Meet The Chefs:
OXO & Knightsbridge

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We sat down with the Executive Chef of OXO Tower Restaurant, Bar & Brasserie, Jeremy Bloor, and the new Head Chef of the Fifth Floor Café in Knightsbridge, Justin Low, to discuss their cooking inspirations, the new direction of the Fifth Floor Café, and much more…

Can you introduce yourself; what’s your background, speciality and favourite cuisine?

Justin: I was born and raised as a first-generation Australian in Sydney with Chinese parents. My mum’s Chinese but born in India, I still haven’t figured out how or where they met. My dad’s a cook so I sort fell into cooking and then left Australia to explore the world of food. There’s so many unique experiences and you can pick up new styles, inspirations and techniques everywhere. When I arrived in London, I went from working in a café to fine dining to Michelin; I aspired to be multi-skilled and get my hands in all different areas. My favourite experience is always exploring the new people and personalities as each place adds something new.

Jeremy: Well I started working for Harvey Nichols in 1997, at Knightsbridge. Then I left to work at five-star hotels, Michelin-starred restaurants, then moved to OXO… then I left there, I worked around London and by chance came back to OXO and I’m still here after 18 years. So I’ve been going around in circles! I’d say my style has changed over the years – when you start off, you want to try all different types of cuisines and styles but now my palate has softened and I just love simple styles, I love eating simply. My favourite cuisine is Portuguese; my wife is from Portugal and our household is very influenced by this. Their food is very simple and hearty with big uncomplicated flavours. Not such an emphasis on presentation just – bang. Similar to Yorkshire, where I’m from.

What’s the inspiration behind the new menu and what can we expect to see on there in the future?

Justin: We’re keeping it true to British flavours and really in tune with the seasons, but we’re mixing it up with some classic techniques and French conceptions of the dishes. But always with British ingredients.

Jeremy: We’re just getting started and we really want to build up the menu with different and new elements.

Justin: The overarching concept is modern British, so we source the majority of ingredients from the UK and based on what’s in season. Sourcing locally is key for us. Our delicious crab meat comes from down in Dorset, and we have different local products everywhere across the menu – our cheese comes from all over the UK.

Jeremy: We’ve taken inspiration from OXO, where we have a zero-waste dessert with a reused water bottle that’s heated up and flattened to present the plate. We designed the Fifth Floor menu with this in mind – all parts of the ingredients are used. For example, broccoli will have its stems used either in the same dish as the florets or will be whizzed up or chopped up for part of another plate.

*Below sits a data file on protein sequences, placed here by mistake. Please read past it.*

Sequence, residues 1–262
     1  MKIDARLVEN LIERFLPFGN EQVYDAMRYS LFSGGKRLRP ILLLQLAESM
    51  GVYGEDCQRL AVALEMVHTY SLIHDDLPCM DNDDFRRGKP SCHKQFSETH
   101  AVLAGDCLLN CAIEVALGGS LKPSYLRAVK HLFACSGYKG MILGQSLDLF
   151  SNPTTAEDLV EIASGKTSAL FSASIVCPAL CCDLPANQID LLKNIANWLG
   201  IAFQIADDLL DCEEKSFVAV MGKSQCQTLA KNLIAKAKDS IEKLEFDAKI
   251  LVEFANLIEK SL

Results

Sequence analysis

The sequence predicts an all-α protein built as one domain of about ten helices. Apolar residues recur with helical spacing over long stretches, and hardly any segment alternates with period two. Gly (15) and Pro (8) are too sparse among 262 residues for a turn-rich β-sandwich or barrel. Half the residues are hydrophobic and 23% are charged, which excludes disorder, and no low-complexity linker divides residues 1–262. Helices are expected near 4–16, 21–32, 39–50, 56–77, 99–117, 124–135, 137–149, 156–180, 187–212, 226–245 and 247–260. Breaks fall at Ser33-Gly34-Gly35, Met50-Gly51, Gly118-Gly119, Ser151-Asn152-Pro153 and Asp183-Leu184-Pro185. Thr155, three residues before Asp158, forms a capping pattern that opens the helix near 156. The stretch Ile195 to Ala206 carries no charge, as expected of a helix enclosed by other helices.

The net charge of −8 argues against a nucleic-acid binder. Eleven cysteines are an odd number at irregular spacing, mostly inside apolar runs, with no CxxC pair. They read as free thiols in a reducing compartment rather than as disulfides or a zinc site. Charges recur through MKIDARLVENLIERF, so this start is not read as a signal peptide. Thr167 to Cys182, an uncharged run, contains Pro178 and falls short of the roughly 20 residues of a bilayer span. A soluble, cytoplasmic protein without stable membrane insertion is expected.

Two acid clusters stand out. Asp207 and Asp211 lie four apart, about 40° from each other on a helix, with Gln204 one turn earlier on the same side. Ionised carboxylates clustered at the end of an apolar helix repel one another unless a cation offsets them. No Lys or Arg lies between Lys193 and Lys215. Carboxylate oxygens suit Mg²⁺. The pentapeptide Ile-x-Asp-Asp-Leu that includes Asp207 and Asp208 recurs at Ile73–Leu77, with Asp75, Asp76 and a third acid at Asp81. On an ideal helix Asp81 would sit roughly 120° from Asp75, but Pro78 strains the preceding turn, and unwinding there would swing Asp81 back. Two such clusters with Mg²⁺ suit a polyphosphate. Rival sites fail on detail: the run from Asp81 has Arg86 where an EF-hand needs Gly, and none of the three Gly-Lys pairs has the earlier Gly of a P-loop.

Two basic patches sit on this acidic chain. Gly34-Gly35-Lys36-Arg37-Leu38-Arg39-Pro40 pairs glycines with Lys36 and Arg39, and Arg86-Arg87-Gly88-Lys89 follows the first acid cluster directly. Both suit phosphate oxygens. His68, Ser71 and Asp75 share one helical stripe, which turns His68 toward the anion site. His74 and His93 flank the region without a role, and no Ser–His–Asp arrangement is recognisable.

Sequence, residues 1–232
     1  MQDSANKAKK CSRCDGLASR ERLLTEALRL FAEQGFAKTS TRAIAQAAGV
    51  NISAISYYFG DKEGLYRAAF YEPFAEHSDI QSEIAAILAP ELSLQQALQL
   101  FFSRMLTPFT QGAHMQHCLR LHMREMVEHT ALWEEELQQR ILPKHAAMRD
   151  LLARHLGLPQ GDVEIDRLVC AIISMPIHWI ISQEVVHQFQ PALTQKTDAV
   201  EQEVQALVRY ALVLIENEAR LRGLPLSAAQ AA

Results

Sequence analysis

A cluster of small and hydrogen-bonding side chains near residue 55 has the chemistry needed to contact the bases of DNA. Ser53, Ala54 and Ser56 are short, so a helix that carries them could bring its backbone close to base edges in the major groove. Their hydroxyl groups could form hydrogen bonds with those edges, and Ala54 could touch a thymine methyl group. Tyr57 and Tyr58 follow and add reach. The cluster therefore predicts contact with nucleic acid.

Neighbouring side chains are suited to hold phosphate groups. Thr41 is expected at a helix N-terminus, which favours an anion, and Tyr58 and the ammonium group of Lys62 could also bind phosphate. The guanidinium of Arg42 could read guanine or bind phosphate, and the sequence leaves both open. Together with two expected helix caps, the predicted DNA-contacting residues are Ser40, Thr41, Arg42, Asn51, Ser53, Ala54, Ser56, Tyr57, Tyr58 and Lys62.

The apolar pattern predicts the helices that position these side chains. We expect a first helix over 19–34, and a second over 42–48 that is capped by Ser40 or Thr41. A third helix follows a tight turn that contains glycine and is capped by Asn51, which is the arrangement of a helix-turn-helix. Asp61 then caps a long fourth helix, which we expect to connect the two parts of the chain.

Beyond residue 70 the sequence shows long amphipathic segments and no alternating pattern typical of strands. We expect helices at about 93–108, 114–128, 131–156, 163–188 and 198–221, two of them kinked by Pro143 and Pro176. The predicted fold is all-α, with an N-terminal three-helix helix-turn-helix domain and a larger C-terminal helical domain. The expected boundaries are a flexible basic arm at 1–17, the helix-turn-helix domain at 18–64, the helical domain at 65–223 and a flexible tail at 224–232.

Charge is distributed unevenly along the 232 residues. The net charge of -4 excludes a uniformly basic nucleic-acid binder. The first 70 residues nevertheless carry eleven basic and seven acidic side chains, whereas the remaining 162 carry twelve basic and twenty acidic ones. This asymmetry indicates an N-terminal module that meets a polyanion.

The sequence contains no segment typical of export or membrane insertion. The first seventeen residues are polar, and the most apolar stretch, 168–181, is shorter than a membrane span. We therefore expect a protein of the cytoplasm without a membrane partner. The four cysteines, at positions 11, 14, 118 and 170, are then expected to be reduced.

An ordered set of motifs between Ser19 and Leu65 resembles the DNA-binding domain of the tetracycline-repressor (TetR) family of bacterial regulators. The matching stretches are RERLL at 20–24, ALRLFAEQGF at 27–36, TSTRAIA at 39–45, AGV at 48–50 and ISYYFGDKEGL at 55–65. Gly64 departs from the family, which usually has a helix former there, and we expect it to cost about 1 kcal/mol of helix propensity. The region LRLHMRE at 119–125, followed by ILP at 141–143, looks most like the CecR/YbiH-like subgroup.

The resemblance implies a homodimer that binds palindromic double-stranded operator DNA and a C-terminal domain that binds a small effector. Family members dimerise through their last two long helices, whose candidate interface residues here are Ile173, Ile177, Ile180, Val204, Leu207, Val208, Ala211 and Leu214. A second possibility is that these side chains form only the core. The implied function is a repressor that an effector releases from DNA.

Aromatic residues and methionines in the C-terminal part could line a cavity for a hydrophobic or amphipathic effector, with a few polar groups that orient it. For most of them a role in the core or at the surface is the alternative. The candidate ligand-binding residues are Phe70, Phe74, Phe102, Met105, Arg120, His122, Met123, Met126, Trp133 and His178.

Do you have a favourite dish on the menu? A favourite dessert?

Jeremy: As autumn sets in, I’m really liking the vegan grain bowl at OXO, and our warm almond pudding for dessert. Honestly, it’s just beautiful. It’s so rewarding – fresh out of the oven at the perfect temperature so when you bite into it, you just don’t want it to end. I could easily eat my body weight of it.

Justin: The sea bass is amazing in the Fifth Floor Café; it has a crayfish dressing, pumpkin purée and gnocchi. It’s the perfect hearty food for winter, and we’re making more dishes like this now that it’s getting colder. For dessert, my favourite right now is probably the plum crumble. It’s a classic. Simple but delicious, plums are in season – and we make the crème anglaise here. When you’re coming in from the cold, a spoonful of the crumble immediately warms you up. It just lets the flavours do the talking.

Who are your cooking heroes?

Justin: For me, it’s probably American Michelin-starred chef Thomas Keller (chef and proprietor of The French Laundry). His style is very simple but technical, and his cookbooks are really well-written. He makes beautiful dishes, you can see it’s hearty cooking but it’s very technical and precise. I’ve got all his books – I’m a big fan of book collecting. Every time I go to Australia, I have to bring a whole suitcase back with me. Apart from that, I take ideas from creative people or just going shopping and seeing what’s available and thinking up nice ideas and dishes from it.

Jeremy: I find that when you’re working in a kitchen all day and you’re surrounded by food, the last thing you want to do is watch food… besides The Great British Bake Off because I love Noel Fielding and Sandi Toksvig.

What do you like cooking when you are at home?

Jeremy: I like to keep it simple. Classic dishes like spaghetti Bolognese or lasagne. When you eat them it’s so satisfying, and a bit of fuel. It’s not nice to create restaurant-style dishes at home. Never tell anyone at a barbecue you’re a chef.

Justin: I don’t really eat at work because you’ve got to focus on the task at hand, and by the time you finish work, you’re almost sick of food.

Jeremy: Everything’s so highly seasoned at work that when you get home you just want a simple cheese sandwich. It’s the opposite of working at a desk where you just want to eat all day.